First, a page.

me, O Elohim, for the waters have reached until my soul!
I have sunk in muddy depths without foothold; I have
come into deep waters,
and the current sweeps me away. I am wearied by my
crying, my throat is parched; my eyes pined while
waiting for my God. More numerous than the hairs
on my head are those who hate me without reason. Mighty
are those who would cut me off, those who are my enemies
without cause. What I have not stolen,
I will then have to return. O Elohim, You know my folly,
and my wrongs are not hidden from You. Let not those who
hope in You be shamed through me,
O Adonai, God of Hosts; let not those who seek You be
disgraced through me, O God of Yisrael, because for Your
sake I have borne humiliation, disgrace
covers my face. I have become a stranger to my brothers,
an alien to my mother’s sons, for the envy of Your House
has consumed me, and the humiliations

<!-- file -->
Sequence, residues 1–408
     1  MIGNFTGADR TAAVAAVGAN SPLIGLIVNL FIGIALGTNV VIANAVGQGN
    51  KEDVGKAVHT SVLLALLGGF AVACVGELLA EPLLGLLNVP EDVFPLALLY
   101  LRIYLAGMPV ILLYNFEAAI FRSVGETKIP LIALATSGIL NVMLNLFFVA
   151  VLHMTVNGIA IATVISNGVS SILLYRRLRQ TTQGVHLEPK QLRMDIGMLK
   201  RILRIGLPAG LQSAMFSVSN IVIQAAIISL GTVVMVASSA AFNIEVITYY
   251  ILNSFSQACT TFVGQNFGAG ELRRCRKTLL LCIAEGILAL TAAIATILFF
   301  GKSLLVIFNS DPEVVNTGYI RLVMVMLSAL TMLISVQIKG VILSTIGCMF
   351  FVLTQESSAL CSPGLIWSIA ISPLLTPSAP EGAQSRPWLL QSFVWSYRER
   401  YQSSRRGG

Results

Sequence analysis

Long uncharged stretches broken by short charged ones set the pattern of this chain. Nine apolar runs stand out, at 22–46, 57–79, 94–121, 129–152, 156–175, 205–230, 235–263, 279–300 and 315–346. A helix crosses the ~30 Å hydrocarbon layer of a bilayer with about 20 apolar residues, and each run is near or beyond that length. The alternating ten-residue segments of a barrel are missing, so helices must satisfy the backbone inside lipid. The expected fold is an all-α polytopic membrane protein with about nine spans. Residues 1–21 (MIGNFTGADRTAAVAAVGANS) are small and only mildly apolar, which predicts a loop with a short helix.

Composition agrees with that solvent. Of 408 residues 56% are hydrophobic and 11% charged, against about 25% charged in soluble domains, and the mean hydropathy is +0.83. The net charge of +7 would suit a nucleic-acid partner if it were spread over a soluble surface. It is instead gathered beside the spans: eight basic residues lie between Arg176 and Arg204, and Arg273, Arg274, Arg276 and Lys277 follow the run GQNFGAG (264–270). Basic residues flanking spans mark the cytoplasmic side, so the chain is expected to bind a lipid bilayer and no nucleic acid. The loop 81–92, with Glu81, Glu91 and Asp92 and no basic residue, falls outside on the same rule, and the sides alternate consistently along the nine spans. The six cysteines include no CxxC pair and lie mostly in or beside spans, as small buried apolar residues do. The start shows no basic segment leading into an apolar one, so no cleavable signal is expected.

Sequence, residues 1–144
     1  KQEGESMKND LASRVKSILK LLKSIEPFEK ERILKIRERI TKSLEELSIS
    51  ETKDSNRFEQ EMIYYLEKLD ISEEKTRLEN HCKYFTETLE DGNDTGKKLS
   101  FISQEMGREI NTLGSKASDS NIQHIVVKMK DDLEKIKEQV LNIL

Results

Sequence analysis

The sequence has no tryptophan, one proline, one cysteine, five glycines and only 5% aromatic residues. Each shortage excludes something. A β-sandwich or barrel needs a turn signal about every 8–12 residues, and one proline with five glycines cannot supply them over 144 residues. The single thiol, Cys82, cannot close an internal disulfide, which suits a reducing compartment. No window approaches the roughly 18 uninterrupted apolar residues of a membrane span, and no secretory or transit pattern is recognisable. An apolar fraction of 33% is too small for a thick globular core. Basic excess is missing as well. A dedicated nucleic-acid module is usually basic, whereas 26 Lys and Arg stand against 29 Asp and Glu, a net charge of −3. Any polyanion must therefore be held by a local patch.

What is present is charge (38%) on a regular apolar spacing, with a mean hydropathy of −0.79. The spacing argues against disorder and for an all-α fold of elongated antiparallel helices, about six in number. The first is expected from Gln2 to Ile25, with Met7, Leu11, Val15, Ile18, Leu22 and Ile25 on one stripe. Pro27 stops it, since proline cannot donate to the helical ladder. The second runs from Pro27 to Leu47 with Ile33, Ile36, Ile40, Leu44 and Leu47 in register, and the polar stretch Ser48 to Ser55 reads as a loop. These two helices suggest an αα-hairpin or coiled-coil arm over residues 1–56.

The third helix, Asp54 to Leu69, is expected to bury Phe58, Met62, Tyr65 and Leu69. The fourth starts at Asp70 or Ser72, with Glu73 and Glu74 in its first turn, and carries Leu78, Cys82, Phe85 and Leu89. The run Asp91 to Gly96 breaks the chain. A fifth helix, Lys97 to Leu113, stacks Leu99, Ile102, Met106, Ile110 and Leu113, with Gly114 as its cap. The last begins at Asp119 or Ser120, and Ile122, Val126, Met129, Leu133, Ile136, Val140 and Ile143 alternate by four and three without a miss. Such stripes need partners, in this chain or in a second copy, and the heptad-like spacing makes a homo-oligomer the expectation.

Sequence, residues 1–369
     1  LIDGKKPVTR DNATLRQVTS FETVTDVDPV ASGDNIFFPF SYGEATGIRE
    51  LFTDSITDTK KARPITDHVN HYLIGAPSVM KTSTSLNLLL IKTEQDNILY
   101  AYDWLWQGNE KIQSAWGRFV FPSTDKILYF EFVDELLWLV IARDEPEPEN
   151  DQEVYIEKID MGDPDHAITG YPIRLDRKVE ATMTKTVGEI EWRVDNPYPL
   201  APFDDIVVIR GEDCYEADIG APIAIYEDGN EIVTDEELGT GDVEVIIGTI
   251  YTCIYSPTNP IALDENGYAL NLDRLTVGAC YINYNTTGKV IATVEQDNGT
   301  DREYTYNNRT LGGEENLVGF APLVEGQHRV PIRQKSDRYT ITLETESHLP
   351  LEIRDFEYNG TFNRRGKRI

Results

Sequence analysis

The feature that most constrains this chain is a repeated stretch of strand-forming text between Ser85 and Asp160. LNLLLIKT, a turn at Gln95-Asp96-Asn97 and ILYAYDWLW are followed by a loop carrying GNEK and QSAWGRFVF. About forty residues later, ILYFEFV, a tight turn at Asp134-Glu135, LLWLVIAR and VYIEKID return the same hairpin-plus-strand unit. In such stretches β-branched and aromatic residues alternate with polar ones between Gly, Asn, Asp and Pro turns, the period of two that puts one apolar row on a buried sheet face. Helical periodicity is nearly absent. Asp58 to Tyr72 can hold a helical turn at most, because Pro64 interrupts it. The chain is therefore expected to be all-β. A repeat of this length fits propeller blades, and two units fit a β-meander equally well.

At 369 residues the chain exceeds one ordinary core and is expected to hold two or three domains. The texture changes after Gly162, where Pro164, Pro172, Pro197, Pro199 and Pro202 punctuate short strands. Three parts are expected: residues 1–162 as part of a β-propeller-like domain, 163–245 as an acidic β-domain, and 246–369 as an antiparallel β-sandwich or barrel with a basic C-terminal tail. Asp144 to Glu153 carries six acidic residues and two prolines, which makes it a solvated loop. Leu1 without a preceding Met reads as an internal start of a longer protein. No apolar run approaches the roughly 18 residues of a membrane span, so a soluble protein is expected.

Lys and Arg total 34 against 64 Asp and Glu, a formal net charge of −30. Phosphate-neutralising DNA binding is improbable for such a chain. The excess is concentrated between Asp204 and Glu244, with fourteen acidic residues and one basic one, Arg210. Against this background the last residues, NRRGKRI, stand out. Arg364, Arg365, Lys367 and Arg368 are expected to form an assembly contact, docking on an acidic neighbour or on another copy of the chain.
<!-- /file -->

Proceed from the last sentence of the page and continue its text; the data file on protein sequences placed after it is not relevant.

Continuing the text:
of those who scorn You have fallen upon me. And I wept
while my soul fasted, and it was a humiliation to me. I
made sackcloth my garment, and became
a byword for them. Those who sit by the gate speak of
me, and of me are the songs of drunkards. May my prayer
to You, Jhwh, be at a gracious
time; Elohim, in Your abounding kindness, answer me with
Your true deliverance. Rescue me from the mire, so that
I not sink; let me be saved from my enemies
and from deep waters. Let not the current of water sweep
me away, nor the deep swallow me; and let not the pit
close its mouth over me. Answer
me, Jhwh, for Your kindness is good; according to Your
abundant mercies, turn to me. Do not hide Your face from
Your servant, for I am in distress-hurry
to answer me. Draw near to my soul and liberate it;